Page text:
Meet 'Wheelchair warrior of India' Dr Kaustav Dasgupta who is on a mission to spread positivity and happiness

Aug. 26, 2021, 5:17 p.m.

By:Reshma Jain

When Dr Sai Kaustuv Dasgupta realised that he was suffering with a disease which limited his mobility, he accepted his irreplaceable condition and decided to be a beacon of hope for the differently-abled community rather than crib about disability. Speaking to Socio Story, 30-year-old Dasgupta shares his story of Ability which transformed him into a global motivational speaker, a happiness coach and a goodwill ambassador.

At three and a half months old, Dasgupta’s first fracture appeared. Within a year, he had fractured three more bones. The doctor, after taking a series of tests, explained to his parents that he suffered from Osteogenesis Imperfecta (Brittle bone disease). The doctor also said that they will need to prepare him for life in a wheelchair because his body was not creating the collagen or protein required to develop bones. On hearing this, Dasgupta and his family were devastated. It was not easy for a hyperactive child like Dasgupta who loved dancing and singing. He often saw that the other children were healthier, so he just thought he needed to pay more attention to his steps - until at age ten when he fell and broke both his legs.

Subsequently, a person diagnosed with OI can experience hundreds of bone fractures for no apparent reason. An OI diagnosis would seem daunting and living life in such a delicate state is even more intimidating. But, Dasgupta has suffered with more than 50 fractures and this strong man had to cope up with 3-4 fractures every year. He has had numerous fractures till date, but when the count touched 50, he stopped counting as he knew his bones are brittle but it cannot break his heart.

Sharing one of his memories, Dasgupta said, “I remember an incident from my school days when I secured the first position in my class and a friend came forward to shake my hands. The only thing I remember next is that I had a major fracture in my hand. Fractures were very unpredictable in my case; I never knew when it was going to happen and that was the scary part.”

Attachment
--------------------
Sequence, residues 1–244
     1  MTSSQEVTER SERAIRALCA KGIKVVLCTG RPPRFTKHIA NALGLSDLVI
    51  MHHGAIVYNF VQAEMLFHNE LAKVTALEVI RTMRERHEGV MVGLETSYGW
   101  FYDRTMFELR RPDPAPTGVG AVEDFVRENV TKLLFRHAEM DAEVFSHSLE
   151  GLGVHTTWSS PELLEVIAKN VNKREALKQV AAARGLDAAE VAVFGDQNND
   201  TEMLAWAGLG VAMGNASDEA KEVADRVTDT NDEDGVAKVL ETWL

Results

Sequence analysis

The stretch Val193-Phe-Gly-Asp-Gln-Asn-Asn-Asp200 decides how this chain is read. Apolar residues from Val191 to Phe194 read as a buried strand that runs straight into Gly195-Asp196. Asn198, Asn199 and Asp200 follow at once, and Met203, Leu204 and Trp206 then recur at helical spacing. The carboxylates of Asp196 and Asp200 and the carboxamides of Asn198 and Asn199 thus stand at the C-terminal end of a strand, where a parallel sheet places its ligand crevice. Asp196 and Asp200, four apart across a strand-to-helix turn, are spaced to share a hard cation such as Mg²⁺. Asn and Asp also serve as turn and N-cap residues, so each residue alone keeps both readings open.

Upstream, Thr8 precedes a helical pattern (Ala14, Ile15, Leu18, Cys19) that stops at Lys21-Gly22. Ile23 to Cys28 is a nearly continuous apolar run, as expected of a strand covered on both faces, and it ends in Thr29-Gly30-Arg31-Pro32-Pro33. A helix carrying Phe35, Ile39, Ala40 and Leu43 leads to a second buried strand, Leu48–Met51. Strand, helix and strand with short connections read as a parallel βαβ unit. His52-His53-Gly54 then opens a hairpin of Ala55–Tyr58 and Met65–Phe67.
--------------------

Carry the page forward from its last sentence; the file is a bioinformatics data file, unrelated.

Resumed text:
“My mother Dr. Shila Dasgupta used to teach at the same school I was enrolled in so that she could also take care of me all the time. Whenever I had to change schools, she had to leave her job too. My family has done everything possible for me throughout. They completely accept me and love me for who I am and I am thankful for that,” added Dasgupta who had pursued his B.B.A from Chhatrapati Shahu Ji Maharaj University, Kanpur and has an Honorary Doctorate from London University.

Every single day and moment has been challenging in Dasgupta’s life. He has been confined to a wheelchair now, and all that functions is one hand and one finger. “My life experiences have helped me a lot to understand and learn how to be positive no matter what. That is why I want to focus on my ability rather than disability. It’s incredible to think just how much of the body’s ability lies in just one finger of mine; a tiny organ that most physically able people take for granted is my most invaluable asset,” shared a smiling Dasgupta.

This young and iron-willed man has inspired millions of people; especially global leaders, scholars, doctors, students, corporate people & young IT professionals with live and online webinars in various institutes like Microsoft, Accenture, Marriott Hotels, Medicover, Rotary International, Jain University, etc. in different states of India, as well as those in countries like the US, Australia, Malaysia, Singapore, Thailand, Indonesia, Nepal, etc. “I have given hope to many people who needed that right window to open up, to see their sufferings from a different perspective, and helped them cherish life. At present, I am actively researching how to improve accessible travel in India, especially travel by air. I want to put an end to the types of problems I faced during my trips to Goa, Chennai, and Bangalore by working with concerned authorities. I am trying to spread the light of hope to all those who have confined themselves due to a lack of accessibility,” said Dasgupta who hails from Puttaparthi, Anantapur, Andhra Pradesh.

Sharing that disability is not a weakness, Dasgupta said, “Disability has given me an extra dimension, additional skills, and a new outlook. When you start including your abilities in your life, you actually create inclusion around you. To put it in a few words, life has taught me- More smiling, less worrying. More compassion, less judgment. More blessed, less stressed. More love, less hate. Love all. Serve all.”

While there is so much to do in the disability space including inclusion and accessibility, the real change is unlikely to come unless Indian society becomes more accepting of people with disabilities and realizes their potential. However, the rapid growth of disability self-help groups appears to be empowering disabled people on a huge scale, enabling them to engage in economic activity.

Directed by Dr Kushal Dasgupta, a short film on Dasgupta’s journey called ‘Incredible Insight’- The story of his ability was also shortlisted at the Bengaluru International Short film festival.

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